August 4, 2010
- Legal groups challenge US over targeting American citizen for assassination
- Extent of BP oil spill clean up disputed
- Senate clears way for emergency funds for state programs
- New video of slain Papuan activist draws attention to police conduct in Eastern Indonesia
- Conflict over South Caucasus region stokes tension between Armenia and Azerbaijan
A victory for same-sex marriage rights
A victory today for same-sex marriage rights: a federal judge has struck down a California law making same-sex marriage illegal. District judge Vaugh Walker ruled that Proposition 8 was unconstitutional “under both the due process and equal protection clauses of the US constitution.” Opponents of same-sex marriage last night, anticipating defeat, filed a request to stay the decision as they ask the ninth circuit court of appeals to take up the case.
Kenyans go to the polls in constitutional referendum
Kenyans voted today in a referendum on a new constitution. It’s the first national vote since the controversial presidential election two and a half years ago left more than a thousand people dead and a quarter-million uprooted from their homes. FSRN’s Mohammed Yusuf reports from Nairobi.
Voters lined up this morning before polling stations opened at 6am. They faced long queues, but overall, officials say voter turnout was high and the polls peaceful.
If passed, the new constitution would shift power away from the president. Both President Mwai Kibaki and Prime Minister Raila Odinga came out in support of the new constitution. After casting his vote, the Prime Minister said the referendum marked a historic day for Kenya.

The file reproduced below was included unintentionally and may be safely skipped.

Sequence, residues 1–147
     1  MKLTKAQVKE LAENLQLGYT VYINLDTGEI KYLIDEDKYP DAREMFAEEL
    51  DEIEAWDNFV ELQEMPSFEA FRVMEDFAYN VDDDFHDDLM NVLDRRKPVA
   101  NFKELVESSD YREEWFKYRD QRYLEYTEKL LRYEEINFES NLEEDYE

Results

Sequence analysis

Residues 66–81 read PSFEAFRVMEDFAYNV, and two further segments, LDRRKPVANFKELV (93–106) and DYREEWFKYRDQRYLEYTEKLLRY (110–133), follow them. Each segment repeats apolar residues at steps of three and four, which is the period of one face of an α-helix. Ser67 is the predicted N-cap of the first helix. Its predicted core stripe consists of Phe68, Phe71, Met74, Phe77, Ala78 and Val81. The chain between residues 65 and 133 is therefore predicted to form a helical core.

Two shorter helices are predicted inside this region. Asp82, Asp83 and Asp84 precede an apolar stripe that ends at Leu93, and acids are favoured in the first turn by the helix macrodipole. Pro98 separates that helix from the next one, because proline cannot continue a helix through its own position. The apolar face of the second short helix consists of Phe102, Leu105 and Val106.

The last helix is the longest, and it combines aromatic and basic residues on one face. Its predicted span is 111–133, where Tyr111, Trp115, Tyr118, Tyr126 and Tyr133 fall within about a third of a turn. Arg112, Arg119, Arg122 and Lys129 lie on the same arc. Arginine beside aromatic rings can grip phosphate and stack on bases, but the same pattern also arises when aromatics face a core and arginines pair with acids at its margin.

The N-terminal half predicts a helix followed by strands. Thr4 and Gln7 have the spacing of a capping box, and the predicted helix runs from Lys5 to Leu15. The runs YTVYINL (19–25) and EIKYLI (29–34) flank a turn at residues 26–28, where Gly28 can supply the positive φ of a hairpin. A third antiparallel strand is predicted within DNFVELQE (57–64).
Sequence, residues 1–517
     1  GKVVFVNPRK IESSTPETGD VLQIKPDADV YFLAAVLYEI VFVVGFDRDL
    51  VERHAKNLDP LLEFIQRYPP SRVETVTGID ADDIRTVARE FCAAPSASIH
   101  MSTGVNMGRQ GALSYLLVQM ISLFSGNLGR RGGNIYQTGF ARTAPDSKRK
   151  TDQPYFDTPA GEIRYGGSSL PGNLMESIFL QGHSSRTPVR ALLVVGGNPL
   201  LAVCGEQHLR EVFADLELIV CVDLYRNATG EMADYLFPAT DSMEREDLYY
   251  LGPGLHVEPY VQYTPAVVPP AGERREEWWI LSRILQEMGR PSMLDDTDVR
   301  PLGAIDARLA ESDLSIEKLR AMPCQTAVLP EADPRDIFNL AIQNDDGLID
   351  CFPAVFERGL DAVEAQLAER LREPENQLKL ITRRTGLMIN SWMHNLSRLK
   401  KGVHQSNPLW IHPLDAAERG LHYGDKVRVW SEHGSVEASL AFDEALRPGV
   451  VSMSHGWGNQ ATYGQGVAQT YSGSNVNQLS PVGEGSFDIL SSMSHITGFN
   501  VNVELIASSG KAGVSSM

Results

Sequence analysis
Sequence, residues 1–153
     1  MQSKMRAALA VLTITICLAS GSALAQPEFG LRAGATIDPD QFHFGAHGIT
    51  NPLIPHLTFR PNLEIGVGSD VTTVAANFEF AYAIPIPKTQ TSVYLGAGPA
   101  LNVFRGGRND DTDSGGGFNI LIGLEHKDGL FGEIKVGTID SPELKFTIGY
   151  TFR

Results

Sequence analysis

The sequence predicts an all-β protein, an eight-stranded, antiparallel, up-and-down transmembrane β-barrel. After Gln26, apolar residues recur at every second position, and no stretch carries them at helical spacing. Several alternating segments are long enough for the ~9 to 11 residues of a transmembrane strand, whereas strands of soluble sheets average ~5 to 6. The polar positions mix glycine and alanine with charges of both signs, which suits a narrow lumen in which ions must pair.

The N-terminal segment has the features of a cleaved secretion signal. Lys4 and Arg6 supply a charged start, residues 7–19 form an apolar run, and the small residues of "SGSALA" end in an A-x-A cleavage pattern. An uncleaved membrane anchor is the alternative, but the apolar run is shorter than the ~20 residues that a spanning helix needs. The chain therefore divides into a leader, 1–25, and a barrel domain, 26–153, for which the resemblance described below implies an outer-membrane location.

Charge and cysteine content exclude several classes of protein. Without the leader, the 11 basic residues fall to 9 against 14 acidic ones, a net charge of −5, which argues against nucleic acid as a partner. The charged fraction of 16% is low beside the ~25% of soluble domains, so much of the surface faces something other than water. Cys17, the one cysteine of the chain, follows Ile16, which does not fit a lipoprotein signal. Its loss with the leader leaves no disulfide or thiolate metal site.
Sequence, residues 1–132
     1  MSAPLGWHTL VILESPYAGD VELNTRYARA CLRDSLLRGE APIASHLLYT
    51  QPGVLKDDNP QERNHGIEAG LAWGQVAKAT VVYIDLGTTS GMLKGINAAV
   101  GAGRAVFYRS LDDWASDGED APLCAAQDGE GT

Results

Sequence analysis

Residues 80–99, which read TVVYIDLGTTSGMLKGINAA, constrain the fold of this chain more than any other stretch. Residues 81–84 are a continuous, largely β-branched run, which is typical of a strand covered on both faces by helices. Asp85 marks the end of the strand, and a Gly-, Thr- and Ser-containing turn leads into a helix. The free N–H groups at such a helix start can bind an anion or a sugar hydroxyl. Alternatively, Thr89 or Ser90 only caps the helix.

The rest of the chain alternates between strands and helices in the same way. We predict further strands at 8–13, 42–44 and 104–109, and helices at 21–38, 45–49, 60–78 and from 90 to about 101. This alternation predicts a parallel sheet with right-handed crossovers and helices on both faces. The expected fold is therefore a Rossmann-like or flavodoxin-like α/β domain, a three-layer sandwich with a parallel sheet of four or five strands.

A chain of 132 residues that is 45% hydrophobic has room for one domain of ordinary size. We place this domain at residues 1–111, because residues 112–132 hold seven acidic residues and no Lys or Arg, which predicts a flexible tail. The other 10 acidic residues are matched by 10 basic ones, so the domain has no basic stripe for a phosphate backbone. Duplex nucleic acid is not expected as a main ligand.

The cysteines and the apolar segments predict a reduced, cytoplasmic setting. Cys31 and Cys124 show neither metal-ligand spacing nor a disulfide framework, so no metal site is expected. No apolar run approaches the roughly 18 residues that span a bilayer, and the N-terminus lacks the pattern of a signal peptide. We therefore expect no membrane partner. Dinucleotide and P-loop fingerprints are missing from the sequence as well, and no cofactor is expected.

“Kenyans have the opportunity to decide their destiny, I have no doubt in my mind that the ‘yes’ is going to win; I want to predict over 70% victory.”
In the past weeks, the government tightened security in the Rift Valley region, a flashpoint for post-election violence two years ago. There, ethnic tension over land ownership has diminished support for the referendum. The new constitution would redistribute land grabbed illegally in the past and limit how much can be owned. Election results are expected later this week. Mohammed Yusuf, FSRN, Nairobi.
Pakistan residents await government relief after flooding
A suicide bomb in Peshawar, Pakistan today killed four people, including a senior police official. In the southern city of Karachi, officials now say at least 60 people have died in riots following the assassination of a senior political leader on Monday.
In addition to the political strife, residents in the north are still waiting for government and international aid after massive flooding has wreaked havoc on their lives. Gabe Matthews has more from the flood affected area.